Actor Anxiously Awaits Immigration Hearing

Arrested on his way to East Hampton for the film festival in October, Praq Rado says he is fearful he will have to return to Albania.

In early October, Praq Rado was on his way to the Hamptons International Film Festival in East Hampton for the East Coast premiere of the film based on his immigration struggles when he was taken into custody for having illegally entering the country over a decade ago.

Rado spent the next 10 days in a federal detention center awaiting a deportation hearing. "I thought I was going to lose everything," Rado said by phone on Wednesday from Los Angeles.

An Albanian-born actor, his contacts in the film industry feverishly worked to help him, and though he was granted a stay and released from custody while he awaits his case to be reheard in court, Rado's fate is far from secure.

"It's like being in jail, really. You're out, but you're not out," Rado said, describing the "stressful" situation he faces every day. He is scared.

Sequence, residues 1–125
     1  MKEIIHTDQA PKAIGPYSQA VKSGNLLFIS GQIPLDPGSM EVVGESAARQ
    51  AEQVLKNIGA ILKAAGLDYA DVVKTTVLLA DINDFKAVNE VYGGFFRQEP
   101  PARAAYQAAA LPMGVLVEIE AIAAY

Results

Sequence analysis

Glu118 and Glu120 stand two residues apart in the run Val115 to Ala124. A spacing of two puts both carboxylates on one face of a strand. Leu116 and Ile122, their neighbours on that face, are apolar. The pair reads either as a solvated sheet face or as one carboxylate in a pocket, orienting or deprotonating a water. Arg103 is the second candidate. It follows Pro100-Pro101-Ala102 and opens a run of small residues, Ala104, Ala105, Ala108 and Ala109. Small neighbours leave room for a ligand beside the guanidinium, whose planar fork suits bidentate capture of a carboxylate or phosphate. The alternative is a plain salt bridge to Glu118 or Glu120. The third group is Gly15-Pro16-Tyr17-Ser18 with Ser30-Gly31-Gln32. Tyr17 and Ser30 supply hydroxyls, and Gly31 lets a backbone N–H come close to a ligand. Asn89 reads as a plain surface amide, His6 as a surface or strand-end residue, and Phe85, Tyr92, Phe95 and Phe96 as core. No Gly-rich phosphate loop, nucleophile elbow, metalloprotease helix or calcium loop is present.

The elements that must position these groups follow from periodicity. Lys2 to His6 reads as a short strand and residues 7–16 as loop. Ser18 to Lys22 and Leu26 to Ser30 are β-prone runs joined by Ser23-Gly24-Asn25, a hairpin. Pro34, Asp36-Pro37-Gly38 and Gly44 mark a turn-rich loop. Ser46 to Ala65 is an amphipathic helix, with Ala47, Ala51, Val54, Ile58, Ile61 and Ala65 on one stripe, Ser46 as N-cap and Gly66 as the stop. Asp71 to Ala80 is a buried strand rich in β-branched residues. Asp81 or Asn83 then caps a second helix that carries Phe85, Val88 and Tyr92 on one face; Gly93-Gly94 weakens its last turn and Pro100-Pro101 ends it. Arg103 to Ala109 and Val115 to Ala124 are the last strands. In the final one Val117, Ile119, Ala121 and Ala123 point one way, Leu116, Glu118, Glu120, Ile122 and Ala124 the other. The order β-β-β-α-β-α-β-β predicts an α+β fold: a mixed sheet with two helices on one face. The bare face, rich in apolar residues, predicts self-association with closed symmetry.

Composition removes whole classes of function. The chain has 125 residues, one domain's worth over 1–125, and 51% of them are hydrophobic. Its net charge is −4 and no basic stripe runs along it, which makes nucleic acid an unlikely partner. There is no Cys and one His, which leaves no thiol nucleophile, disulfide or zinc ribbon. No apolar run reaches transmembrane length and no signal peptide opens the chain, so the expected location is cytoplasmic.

At 31, he's built a modeling and acting career in America since he escaped from Albania, without papers, 11 years ago. Rado has been spreading the word about his new film, in which he plays himself, in "Dreaming American," a 24-minute short narrative that tells the story of his immigration journey.

Rado is seeking asylum in the United States, which was granted to his brother on the grounds of religious and political persecution a number of years ago. Rado had already been working with an immigration attorney in New York City to have his case reheard when he was arrested in Buffalo, but was in "legal limbo," according to one of his biggest supporters, Lee Percy, an award-winning editor, who wrote and directed "Dreaming American."

"That's why the arrest became, in some way, an inciting incident," to have the case re-opened, Percy said.